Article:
After establishing a non-aggression pact with Soviet Russia, Hitler attacks Poland, occupying it in three weeks. This time, the allied powers react, declaring war on Germany in September 3rd. World War II begins.
  • Period: to

    World War II

  • The Winter War

    The Winter War
    The Soviet attempt to invade Karelia succeeds, but at a very high price. Finnish resistance to a numerically and technologically superior invader demonstrates to the world the inefficiency of the Russian army.
  • Battle of the Rio de la Plata

    Battle of the Rio de la Plata
    The German battleship Admiral Graf Spee, which caused countless losses among the British merchant ships, was finally damaged by the British, forcing Admiral Hans Langsdorff to self-sink the ship.
  • Operation Weserübung

    Operation Weserübung
    The German attack on Norway and Denmark, aimed at preventing the British from using the Scandinavian ports, was a rapid success, which led the Germans to victory in less than a month.
  • The fall of France: Hitler's greatest success

    The fall of France: Hitler's greatest success
    Following the Fall Gelb (the Yellow Plan), German forces storm into France from the Ardennes. Within a month, French troops were defeated and forced to retreat from a masterful German attack, coordinated between ground and air force troops. On 14 June 1940, Paris fell into German hands and on 22 June France surrendered.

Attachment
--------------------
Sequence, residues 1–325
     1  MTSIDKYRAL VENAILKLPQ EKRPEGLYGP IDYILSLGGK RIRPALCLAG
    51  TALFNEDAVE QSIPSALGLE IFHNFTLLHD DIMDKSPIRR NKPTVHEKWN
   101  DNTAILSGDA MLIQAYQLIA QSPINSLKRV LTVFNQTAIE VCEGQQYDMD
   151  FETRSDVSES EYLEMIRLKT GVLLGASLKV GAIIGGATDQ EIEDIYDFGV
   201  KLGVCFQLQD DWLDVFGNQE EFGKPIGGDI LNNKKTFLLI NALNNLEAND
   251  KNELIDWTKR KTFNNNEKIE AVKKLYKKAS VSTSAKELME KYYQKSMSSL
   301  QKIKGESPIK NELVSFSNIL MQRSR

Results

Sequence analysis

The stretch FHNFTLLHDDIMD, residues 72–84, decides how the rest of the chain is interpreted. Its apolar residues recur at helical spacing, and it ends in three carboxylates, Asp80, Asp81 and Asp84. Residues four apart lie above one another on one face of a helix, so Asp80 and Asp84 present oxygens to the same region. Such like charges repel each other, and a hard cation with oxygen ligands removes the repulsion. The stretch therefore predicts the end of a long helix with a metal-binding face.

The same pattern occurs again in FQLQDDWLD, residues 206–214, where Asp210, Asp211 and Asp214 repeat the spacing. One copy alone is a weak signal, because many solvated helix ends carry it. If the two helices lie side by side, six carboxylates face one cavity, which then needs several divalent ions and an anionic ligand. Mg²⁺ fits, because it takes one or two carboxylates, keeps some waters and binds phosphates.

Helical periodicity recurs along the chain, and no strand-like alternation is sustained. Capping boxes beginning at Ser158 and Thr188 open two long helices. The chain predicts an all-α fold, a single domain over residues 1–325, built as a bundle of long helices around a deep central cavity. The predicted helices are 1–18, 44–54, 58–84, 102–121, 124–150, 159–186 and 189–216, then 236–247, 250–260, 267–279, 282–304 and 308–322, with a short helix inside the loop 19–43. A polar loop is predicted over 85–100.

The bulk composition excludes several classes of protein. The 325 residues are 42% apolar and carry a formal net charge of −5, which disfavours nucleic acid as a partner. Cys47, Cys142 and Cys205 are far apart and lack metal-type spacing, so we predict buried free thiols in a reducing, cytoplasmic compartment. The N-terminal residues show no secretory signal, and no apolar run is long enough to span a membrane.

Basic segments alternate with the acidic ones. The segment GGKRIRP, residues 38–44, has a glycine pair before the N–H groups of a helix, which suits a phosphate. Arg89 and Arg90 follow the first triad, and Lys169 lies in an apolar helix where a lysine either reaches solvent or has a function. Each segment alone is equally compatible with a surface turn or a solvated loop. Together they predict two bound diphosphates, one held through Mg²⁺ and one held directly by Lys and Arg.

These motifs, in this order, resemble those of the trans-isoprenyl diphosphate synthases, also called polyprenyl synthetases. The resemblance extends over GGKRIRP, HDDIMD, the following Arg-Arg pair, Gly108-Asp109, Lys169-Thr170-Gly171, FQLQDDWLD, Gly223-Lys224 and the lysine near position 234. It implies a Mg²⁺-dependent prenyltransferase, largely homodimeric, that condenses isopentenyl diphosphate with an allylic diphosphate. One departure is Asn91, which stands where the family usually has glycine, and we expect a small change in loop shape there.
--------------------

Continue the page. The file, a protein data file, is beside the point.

• Dunkirk's retreat saves England

    Dunkirk's retreat saves England
    The German delay allows the British to rescue 400 thousand men trapped in Dunkirk. This is a spectacular rescue operation, completed by a fleet of private as well as military vessels (the Small Boats), which allowed Great Britain to continue fighting for other years.
  • Battle in the skies of Britain

    Battle in the skies of Britain
    To prepare for the landing operations, Hitler ordered to gain dominance over the English skies. The strong British morale, played by Prime Minister Winston Churchill, allowed the British to resist the bombings of the Luftwaffe on their territory to the bitter end. Unable to conquer England, Hitler began to focus on Eastern Europe.